Teen sex may lower school success

A recent Yale psychiatry study shows that early to bed might not equal healthy, wealthy or wise.

“Early to Bed: A Study of Adaptation Among Sexually Active Urban Adolescent Girls Younger Than Age Sixteen,” is based on survey data collected in 1998 from students in New Haven public schools. The study found that sexually active adolescent girls scored lower in school, lacked academic motivation, and were more likely to exhibit symptoms of depression, including substance abuse.

“Teenage pregnancy was one of the initial hooks,” project leader and psychiatry professor Dr. Andres Martin said. “I wanted to understand a little more about the pathways leading to teenage pregnancy and how pregnant teenagers might cope with it.”

The sexually active students surveyed rated their academic motivation six percent lower than the other participants, and the sexually active teens’ depression scores were over 30 percent greater than subjects who were not sexually active.

He said the study was originally intended to look solely at teenage pregnancy and its association with psychosocial variables. But Martin said he did not realize the rate of teenage pregnancy would be so low, and he could not obtain a large enough group to gain meaningful data. Instead, he broadened his subject population to include teenagers with any early sexual experience. The mean age of the students surveyed was 13.4 years.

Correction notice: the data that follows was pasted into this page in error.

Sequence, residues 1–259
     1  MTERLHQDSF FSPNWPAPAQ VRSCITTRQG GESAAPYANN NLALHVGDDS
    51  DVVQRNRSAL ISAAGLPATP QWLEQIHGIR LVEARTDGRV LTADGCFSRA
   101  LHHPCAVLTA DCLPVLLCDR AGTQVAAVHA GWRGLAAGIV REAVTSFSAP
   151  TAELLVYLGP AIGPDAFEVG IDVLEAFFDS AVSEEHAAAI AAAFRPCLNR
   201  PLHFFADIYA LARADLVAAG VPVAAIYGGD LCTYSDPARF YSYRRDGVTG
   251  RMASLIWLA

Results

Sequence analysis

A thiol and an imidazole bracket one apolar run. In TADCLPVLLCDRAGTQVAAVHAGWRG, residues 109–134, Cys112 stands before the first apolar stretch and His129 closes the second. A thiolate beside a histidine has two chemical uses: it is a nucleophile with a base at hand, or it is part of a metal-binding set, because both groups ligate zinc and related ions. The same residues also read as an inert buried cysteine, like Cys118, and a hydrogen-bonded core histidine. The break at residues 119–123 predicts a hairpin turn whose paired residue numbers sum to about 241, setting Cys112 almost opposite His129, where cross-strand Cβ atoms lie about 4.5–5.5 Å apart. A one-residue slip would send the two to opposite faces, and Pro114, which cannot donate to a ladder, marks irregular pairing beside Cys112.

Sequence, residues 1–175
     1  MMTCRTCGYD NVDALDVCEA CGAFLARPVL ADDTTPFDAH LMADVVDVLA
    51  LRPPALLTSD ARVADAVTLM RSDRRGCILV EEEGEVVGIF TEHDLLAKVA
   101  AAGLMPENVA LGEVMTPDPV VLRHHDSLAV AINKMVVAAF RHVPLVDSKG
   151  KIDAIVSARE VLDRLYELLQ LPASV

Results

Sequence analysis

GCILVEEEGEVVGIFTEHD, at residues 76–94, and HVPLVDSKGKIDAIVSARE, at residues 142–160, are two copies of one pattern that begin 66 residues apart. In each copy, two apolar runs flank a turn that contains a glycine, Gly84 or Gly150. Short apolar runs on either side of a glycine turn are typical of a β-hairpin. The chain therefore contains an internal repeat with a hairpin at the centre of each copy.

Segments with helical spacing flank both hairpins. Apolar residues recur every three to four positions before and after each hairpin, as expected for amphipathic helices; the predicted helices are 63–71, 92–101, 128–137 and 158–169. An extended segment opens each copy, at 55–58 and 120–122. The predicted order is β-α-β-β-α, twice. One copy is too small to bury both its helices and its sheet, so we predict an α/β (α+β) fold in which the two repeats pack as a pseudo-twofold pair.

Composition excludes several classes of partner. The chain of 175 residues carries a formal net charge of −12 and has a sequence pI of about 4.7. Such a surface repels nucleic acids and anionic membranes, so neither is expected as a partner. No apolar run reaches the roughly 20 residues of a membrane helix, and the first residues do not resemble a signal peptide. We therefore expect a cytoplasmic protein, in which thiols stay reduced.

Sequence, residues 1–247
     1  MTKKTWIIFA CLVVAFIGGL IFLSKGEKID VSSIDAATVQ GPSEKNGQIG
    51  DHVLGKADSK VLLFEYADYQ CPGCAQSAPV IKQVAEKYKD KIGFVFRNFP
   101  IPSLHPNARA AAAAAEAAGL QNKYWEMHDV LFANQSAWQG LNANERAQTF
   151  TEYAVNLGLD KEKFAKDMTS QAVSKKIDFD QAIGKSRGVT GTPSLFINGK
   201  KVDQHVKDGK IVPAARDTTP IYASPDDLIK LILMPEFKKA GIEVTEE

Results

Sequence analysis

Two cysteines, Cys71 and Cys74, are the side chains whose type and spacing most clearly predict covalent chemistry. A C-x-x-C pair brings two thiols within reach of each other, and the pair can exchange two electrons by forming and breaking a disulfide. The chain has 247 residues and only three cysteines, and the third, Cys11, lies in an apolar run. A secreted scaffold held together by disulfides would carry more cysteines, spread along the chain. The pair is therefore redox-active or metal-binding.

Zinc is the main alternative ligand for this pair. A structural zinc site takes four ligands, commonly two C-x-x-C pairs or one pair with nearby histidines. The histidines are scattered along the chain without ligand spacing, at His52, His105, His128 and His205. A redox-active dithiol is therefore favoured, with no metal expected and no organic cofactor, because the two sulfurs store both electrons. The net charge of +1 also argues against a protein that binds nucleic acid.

Argyro Caminis MED ’07, who researched pre-existing information on the topic, found that Martin’s study was one of the first to look at the sexual experiences of adolescents younger than 16.

“The studies need to focus on kids that are younger,” Caminis said. “Kids seem to be having sex at younger ages than are in these studies. There are a lot of studies about 16-year-olds but not enough on 10-year-olds to 12-year-olds.”

Martin said relying only on middle school and high school students for the entirety of the data was both an advantage and a disadvantage for the study.

“Some students may not have responded to all of the questions, some students might not have gone to school that day, and a student could be lying,” he said. “These are all cons that come with this type of research.”

While some students may have not answered honestly, Caminis said data from a large number of students revealed major patterns that she said are accurate, even if some were dishonest.

Martin said the study was designed to be administered to a large population and it did account for the comfort level of the questioning atmosphere.

“Obviously some of these questions are very personal and by the very nature of how they are asked — in a public classroom by someone reading the questions — it can be very awkward and personal,” he said. “We erred on the side of big numbers. It was not a very intimate type of research.”

The paper will be published in April, and Caminis said data is already being collected for a follow-up study that will compare the responses of girls and boys.

“Both boys and girls are effected by early sexual experience,” Caminis said. “Both sexes need to be studied, no question.”

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